'Disease of kings' not believed to be linked to diet: Study

Dr Tanya Major. Photo: Supplied
Dr Tanya Major. Photo: Supplied
Traditional links between the development of gout and the consumption of rich food may be inaccurate, with genetics far more likely to lead to high urate levels in the blood, researchers say.

Diet has a far smaller influence on urate levels- a precursor to gout- than previously thought, a University of Otago study of urate levels in a healthy population has found.

Dubbed "the disease of kings", gout has long been linked to rich food. However researcher led by post-doctoral fellow Dr Tanya Major has found no single food studied explained more than 1 % of variation in serum urate levels.

When all foods in combination were considered, less than half a percent of the urate variation was explained.

Genetic variants explained substantially more of the variation in serum urate among the participants involved.

"It came as no surprise that genetic factors have a larger influence on serum urate than dietary factors, but what did surprise us was the magnitude of this difference, an almost 100-fold increase," Dr Major said.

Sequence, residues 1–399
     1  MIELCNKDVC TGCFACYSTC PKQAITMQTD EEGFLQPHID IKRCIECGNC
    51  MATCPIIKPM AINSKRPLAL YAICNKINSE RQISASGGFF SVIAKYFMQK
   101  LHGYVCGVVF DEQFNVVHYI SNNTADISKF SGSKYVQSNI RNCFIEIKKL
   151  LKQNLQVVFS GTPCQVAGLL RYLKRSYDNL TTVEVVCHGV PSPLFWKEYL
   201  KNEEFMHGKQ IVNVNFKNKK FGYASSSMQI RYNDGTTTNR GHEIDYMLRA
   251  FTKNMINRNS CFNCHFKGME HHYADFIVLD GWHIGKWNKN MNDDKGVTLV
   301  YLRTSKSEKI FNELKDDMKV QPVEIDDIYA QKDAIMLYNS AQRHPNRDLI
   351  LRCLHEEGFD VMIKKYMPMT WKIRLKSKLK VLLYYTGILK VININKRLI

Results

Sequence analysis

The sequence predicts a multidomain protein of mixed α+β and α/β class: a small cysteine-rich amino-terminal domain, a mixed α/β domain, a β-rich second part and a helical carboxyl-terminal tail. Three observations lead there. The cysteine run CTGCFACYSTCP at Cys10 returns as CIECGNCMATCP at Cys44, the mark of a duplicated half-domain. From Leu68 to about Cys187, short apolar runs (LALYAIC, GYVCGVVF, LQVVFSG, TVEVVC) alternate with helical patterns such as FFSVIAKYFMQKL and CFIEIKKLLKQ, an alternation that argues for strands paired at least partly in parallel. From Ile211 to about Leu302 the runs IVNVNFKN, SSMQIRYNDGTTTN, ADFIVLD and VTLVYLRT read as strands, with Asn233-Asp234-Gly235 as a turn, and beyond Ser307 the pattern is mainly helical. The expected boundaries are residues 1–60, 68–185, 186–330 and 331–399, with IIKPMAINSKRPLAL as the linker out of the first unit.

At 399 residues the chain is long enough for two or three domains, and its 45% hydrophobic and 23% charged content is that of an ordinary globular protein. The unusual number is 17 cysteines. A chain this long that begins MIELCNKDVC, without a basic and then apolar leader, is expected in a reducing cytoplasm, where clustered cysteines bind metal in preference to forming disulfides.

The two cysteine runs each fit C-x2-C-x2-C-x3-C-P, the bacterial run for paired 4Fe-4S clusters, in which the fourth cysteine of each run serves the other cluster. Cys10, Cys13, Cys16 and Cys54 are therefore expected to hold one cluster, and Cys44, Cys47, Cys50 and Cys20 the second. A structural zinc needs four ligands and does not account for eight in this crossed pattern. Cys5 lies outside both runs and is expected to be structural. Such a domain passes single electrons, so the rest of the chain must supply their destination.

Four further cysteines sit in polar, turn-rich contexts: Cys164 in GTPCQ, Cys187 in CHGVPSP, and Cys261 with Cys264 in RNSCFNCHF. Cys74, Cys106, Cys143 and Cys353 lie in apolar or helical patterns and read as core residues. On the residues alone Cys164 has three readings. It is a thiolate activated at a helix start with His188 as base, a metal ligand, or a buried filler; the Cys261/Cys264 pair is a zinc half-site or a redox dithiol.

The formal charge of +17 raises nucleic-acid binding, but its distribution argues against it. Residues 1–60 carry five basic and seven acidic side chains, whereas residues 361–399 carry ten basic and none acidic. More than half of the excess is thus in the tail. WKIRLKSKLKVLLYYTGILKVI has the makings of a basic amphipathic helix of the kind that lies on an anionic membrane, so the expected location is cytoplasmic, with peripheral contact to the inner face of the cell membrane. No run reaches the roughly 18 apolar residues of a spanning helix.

"This is contrary to popular medical opinion and the common perceptions of the general public.

"We hope it will encourage medical practitioners to focus on other ways to manage urate levels and prevent gout flares, such as allopurinol use, rather than focusing on dietary modifications which are likely to be of little help to the patients.

However Dr Major said caution was urged around the results, since the study- a "first step"-  was conducted in a healthy population.

"The research now needs to be carried out among people with gout.

"We cannot say for certain that there won't be a greater influence from diet in the urate levels of those people," she said.

"However for diet to explain so little of such an essential component in the cause of gout is an important finding." 

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